Google Flu Trends (GFT) was a web service operated by Google. It provided estimates of influenza activity for more than 25 countries. By aggregating Google Search queries, it attempted to make accurate predictions about flu activity. This project was first launched in 2008 by Google.org to help predict outbreaks of flu.
Google Flu Trends stopped publishing current estimates on 9 August 2015. Historical estimates are still available for download, and current data are offered for declared research purposes.
The idea behind Google Flu Trends was that, by monitoring millions of users’ health tracking behaviors online, the large number of Google search queries gathered can be analyzed to reveal if there is the presence of flu-like illness in a population. Google Flu Trends compared these findings to a historic baseline level of influenza activity for its corresponding region and then reports the activity level as either minimal, low, moderate, high, or intense. These estimates have been generally consistent with conventional surveillance data collected by health agencies, both nationally and regionally.
Roni Zeiger helped develop Google Flu Trends.
Google Flu Trends was described as using the following method to gather information about flu trends.
First, a time series is computed for about 50 million common queries entered weekly within the United States from 2003 to 2008. A query's time series is computed separately for each state and normalized into a fraction by dividing the number of each query by the number of all queries in that state. By identifying the IP address associated with each search, the state in which this query was entered can be determined.
A linear model is used to compute the log-odds of Influenza-like illness (ILI) physician visit and the log-odds of ILI-related search query:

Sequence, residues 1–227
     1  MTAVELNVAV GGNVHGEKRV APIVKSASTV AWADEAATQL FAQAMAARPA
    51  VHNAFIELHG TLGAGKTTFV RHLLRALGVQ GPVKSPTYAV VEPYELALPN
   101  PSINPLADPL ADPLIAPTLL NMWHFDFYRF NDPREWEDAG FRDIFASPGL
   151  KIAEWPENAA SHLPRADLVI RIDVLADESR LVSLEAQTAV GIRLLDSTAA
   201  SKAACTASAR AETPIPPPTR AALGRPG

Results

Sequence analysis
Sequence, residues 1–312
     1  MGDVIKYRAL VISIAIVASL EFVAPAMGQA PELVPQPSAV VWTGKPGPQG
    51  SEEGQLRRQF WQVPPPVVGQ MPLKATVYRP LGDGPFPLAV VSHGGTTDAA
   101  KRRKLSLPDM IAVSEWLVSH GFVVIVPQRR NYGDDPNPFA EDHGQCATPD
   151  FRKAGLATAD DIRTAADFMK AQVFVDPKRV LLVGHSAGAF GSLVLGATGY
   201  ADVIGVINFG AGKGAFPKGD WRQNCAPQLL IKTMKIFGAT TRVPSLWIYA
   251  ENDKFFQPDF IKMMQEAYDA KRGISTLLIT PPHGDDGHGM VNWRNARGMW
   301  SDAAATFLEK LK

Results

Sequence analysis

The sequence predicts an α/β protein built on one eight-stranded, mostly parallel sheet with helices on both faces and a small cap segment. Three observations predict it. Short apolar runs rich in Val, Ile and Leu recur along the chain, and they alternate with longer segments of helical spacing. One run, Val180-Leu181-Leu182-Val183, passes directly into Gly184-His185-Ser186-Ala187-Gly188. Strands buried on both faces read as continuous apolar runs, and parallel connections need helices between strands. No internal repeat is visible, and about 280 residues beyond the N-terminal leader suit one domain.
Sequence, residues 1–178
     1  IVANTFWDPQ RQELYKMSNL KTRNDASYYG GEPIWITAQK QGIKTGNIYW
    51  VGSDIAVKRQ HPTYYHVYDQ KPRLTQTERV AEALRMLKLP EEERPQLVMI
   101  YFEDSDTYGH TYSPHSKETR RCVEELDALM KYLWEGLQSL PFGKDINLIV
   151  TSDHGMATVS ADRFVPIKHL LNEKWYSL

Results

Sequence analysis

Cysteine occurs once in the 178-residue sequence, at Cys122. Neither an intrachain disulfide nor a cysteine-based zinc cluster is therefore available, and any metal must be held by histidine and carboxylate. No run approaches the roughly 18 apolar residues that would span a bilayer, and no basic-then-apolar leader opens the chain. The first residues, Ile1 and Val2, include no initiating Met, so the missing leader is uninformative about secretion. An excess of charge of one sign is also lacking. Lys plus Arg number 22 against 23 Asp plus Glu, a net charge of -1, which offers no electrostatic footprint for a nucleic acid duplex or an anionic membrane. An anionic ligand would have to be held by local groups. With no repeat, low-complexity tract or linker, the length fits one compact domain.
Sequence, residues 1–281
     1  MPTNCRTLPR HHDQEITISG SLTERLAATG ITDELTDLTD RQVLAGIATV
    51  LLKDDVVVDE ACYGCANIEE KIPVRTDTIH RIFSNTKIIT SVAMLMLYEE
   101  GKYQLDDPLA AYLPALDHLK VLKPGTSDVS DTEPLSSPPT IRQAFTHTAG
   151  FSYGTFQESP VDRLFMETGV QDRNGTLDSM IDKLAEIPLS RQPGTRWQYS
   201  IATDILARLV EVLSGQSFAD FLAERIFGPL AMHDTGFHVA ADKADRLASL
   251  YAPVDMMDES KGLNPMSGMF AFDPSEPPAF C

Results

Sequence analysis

P is the percentage of ILI physician visit and Q is the ILI-related query fraction computed in previous steps. β0 is the intercept and β1 is the coefficient, while ε is the error term.
Each of the 50 million queries is tested as Q to see if the result computed from a single query could match the actual history ILI data obtained from the U.S. Centers for Disease Control and Prevention (CDC). This process produces a list of top queries which gives the most accurate predictions of CDC ILI data when using the linear model. Then the top 45 queries are chosen because, when aggregated together, these queries fit the history data the most accurately. Using the sum of top 45 ILI-related queries, the linear model is fitted to the weekly ILI data between 2003 and 2007 so that the coefficient can be gained. Finally, the trained model is used to predict flu outbreak across all regions in the United States.
This algorithm has been subsequently revised by Google, partially in response to concerns about accuracy, and attempts to replicate its results have suggested that the algorithm developers "felt an unarticulated need to cloak the actual search terms identified".
Google Flu Trends tries to avoid privacy violations by only aggregating millions of anonymous search queries, without identifying individuals that performed the search. Their search log contains the IP address of the user, which could be used to trace back to the region where the search query is originally submitted. Google runs programs on computers to access and calculate the data, so no human is involved in the process. Google also implemented the policy to anonymize IP address in their search logs after 9 months.
However, Google Flu Trends has raised privacy concerns among some privacy groups. Electronic Privacy Information Center and Patient Privacy Rights sent a letter to Eric Schmidt in 2008, then the CEO of Google. They conceded that the use of user-generated data could support public health effort in significant ways, but expressed their worries that "user-specific investigations could be compelled, even over Google's objection, by court order or Presidential authority".